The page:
The punchline was also well done, with the new Showmax Pro offering shown in colour – a real game change from the black and white of 'the past'.
Last month, Miller Lite beer in the US produced a clever piece of ambush marketing, by setting up a fake website which purported to offer free livestreaming of top sports matches. The idea was to emphasise that this sort of piracy costs the sports industry billions of dollars a year.
When fans tried to use the dodgy site, they were greeted with a country-and-western/rock music video telling the graphic story of how you could end up in federal prison for such piracy. “But I was only streaming a game” is the man’s plaintive cry as the cell doors close behind him.
At the same time, Miller Lite – the tipple of choice for millions of US sports fans at game time – offered participants the chance to win an actual TV antenna, housed in a Miller can, which could pick up local TV broadcasts… including National Football League games.
Illegal streaming of top matches is a huge industry and because it is underground, it is not the victimless crime it sometimes appears: dodgy websites are often connected to ad fraud but even worse activities like drugs and human trafficking, according to experts in the US.
Screen shot of Showmax Pro ad
It was with some curiosity, then, that I looked at the latest ad for Showmax Pro, which offers to “change the way you watch” sport. It offers streaming – legally – of events from around the globe on the DStv platform. Showmax Pro bundles the existing Showmax streaming service with music, news and live sport from SuperSport.
The pitch for Showmax Pro focused on the game-changing aspects of the offering. And what better way to talk about changing the game than using one of sport’s most enduring icons, the legendary boxer Muhammad Ali? Egg Films’ Adrian de sa Garces and his team tackled the job of bringing “The Greatest” to life at the height of Level 4 lockdown, which had its own logistical and production challenges.
In the end, they found a muscled fighter pretty similar to Ali, down to the floating like a butterfly, stinging like a bee moves which brought him so many world titles. The hair and makeup added the final touches and the silhouetted way the video was shot in black and white added atmosphere and also left the Ali mystique in place.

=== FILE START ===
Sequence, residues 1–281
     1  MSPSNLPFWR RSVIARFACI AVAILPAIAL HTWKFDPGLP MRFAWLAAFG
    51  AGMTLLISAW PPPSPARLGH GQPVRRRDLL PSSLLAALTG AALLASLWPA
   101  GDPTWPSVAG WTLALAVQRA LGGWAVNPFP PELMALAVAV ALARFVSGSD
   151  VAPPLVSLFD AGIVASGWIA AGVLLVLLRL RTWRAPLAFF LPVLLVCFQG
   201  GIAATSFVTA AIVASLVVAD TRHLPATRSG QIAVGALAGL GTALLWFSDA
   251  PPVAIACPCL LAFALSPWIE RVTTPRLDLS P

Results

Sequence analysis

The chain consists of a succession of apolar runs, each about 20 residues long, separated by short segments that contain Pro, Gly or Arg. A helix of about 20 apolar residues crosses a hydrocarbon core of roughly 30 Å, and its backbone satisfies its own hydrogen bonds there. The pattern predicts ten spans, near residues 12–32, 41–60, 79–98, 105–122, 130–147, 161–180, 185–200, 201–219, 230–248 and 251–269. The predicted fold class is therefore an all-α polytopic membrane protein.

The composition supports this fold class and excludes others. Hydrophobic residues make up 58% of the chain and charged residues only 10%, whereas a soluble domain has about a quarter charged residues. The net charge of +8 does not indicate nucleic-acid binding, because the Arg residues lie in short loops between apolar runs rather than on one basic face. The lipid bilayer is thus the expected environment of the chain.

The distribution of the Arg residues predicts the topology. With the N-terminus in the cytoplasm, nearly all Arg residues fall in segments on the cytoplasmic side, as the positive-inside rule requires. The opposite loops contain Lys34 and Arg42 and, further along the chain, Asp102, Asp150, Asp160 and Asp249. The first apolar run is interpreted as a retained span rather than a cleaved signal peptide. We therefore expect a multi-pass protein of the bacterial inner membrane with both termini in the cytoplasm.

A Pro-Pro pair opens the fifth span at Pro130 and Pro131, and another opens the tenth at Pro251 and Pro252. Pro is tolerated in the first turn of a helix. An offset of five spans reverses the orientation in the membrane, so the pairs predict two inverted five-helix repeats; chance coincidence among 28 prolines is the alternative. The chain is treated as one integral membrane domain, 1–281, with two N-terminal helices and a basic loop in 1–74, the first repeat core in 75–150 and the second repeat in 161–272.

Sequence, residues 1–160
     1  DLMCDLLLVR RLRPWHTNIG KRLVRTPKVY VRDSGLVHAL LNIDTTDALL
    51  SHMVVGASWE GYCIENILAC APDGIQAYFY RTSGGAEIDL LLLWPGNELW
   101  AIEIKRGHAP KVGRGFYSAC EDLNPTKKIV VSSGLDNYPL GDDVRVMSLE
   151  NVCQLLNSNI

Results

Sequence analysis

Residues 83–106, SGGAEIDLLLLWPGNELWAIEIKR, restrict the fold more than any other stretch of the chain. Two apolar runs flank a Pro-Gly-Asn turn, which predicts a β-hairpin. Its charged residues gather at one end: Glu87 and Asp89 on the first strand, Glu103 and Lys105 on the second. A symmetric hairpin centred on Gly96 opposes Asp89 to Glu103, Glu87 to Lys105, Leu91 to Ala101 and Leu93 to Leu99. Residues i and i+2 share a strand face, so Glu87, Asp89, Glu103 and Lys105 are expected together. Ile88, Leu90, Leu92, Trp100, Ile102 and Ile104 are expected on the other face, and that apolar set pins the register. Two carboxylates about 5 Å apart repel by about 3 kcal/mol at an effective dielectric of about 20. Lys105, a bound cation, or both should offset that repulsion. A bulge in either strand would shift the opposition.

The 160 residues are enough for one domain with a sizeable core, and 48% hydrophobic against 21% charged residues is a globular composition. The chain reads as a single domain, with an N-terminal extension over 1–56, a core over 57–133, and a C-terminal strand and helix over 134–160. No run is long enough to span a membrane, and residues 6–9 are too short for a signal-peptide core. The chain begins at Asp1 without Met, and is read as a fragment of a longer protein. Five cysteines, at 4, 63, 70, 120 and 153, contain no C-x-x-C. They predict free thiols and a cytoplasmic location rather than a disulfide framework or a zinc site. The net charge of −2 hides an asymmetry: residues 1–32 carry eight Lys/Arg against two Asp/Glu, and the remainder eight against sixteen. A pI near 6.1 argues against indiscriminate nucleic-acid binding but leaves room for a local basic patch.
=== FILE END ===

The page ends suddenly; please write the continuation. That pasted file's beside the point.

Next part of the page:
The punchline was also well done, with the new Showmax Pro offering shown in colour – a real game change from the black and white of “the past”. The ad works because of the contrasts and the simple, but elegantly made point that the Showmax Pro package is extensive. Orchids to Showmax, Egg Films’ de sa Garces and the post-production people at Chocolate Tribe who brought it to life.
We consume truckloads of American culture on our TVs and in our cinemas, so I suppose we don’t even notice the entertainment imperialism happening all around us. But why, oh why, do we still think an American accent is the way to sell our products?
Even Ford – the quintessential Yankee automotive product – doesn’t do it in its South African advertising, even though it is increasingly referring to bakkies as trucks, exactly the way Bubba and his mates do in Alabama… Yet, RDG Gearboxes, which repairs all manner of vehicle transmissions (although I would bet my house only a tiny percentage are American in origin), thinks the way to convince customers of its expertise is to use an American accent.
The TV ad, which shows people competently stripping, repairing and assembling gearboxes, is ruined by the faux American voice-over. It is very grating to hear about “backies”… No boet, it’s bakkies, as in the rugby player. If you’re not confident enough to use the indigenous voices of the country in which you do business, RDG, why should I have confidence in you? You get an Onion to add to ya crawfish pie, y’all…
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